Leaving the scene of an accident, also called a "hit and run," is a punishable offense in the state of Colorado. It can also present complications for victims of these car accidents, as they have no one to file a claim against until the perpetrator is found. An interesting statistic released just this August said that less than half of all people convicted of hit and runs in Colorado are actually sentenced to prison time and roughly 61 percent of all hit and run charges are dismissed.
Colorado's hit and run laws can be found in § 42-4-1601 through § 42-4-1607. According to these statutes, any driver involved in an accident resulting in property damage, injury to or the death of another individual must stop immediately and remain at the scene of the accident until they give their name, address, vehicle registration number and show their driver's license. The law also requires those involved in accidents to render aid where aid is needed.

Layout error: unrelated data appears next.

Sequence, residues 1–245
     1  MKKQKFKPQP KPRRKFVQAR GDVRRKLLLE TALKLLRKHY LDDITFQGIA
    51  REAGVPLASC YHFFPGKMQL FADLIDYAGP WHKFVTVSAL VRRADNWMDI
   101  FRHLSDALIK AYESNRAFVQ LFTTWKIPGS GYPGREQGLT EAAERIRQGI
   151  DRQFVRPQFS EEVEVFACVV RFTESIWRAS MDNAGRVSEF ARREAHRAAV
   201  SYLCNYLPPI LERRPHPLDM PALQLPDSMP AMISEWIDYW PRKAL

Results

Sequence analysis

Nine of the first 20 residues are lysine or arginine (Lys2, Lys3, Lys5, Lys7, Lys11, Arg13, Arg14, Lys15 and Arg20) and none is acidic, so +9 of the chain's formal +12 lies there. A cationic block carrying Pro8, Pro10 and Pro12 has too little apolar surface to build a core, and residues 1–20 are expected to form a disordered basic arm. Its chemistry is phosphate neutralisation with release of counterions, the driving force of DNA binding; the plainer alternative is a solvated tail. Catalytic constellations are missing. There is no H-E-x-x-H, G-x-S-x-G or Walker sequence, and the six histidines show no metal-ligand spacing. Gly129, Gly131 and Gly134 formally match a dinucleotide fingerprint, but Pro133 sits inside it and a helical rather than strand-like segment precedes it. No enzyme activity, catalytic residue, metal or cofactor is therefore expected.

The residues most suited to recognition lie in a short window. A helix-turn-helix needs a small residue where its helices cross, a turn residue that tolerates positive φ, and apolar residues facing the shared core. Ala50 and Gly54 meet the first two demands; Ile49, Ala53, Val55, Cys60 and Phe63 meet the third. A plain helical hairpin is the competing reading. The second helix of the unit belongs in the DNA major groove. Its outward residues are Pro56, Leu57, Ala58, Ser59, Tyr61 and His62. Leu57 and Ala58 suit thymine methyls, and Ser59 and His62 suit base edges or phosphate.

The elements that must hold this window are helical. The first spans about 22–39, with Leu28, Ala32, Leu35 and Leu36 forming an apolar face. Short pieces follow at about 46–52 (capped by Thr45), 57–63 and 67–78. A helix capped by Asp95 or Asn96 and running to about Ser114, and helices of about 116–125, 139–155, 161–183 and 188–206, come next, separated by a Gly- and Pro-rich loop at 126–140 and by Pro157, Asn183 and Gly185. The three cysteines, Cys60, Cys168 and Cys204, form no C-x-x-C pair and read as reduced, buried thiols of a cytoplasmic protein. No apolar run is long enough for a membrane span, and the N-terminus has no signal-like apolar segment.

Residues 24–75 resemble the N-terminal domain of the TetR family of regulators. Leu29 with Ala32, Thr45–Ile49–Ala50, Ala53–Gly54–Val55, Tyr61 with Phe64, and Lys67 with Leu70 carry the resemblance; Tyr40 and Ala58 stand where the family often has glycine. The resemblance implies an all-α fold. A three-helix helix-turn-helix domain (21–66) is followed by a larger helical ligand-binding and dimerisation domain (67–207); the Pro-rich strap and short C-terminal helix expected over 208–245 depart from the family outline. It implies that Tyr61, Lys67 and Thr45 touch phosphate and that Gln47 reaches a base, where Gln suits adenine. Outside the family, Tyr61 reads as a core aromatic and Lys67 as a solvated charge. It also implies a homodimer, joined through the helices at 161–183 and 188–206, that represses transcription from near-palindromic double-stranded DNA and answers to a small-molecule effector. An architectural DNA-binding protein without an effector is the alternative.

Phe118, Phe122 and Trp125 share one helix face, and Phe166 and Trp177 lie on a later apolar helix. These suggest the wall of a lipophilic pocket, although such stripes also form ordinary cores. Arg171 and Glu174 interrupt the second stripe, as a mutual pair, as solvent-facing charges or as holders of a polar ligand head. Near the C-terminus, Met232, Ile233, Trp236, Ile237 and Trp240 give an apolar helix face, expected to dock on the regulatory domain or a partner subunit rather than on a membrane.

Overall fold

- Hit and run involving injury to another person – class 1 misdemeanor
- Hit and run resulting in serious injury to another person – class 4 felony
- Hit and run resulting in the death of another – class 3 felony
Hit and run offenses also warrant driver's license revocation. Recently, the Colorado legislature passed laws that made the penalties more severe for hit and run offenders. Convicted of a DUI involving serious bodily injury or death? You could be looking at up to six years in prison. Still, a majority of those arrested and charged with hit and run are able to arrange a plea bargain that doesn't involve prison.
Those convicted of hit and run, even if they do not face prison time, will have to pay victim restitution. In addition to this, hit and run victims are usually entitled to insurance money to cover their medical, emotional and financial losses. Whether you've been arrested and charged with leaving the scene of an accident in Colorado or you're the victim of a hit and run accident, our firm can help. Contact Clawson & Clawson, LLP today for a free case evaluation.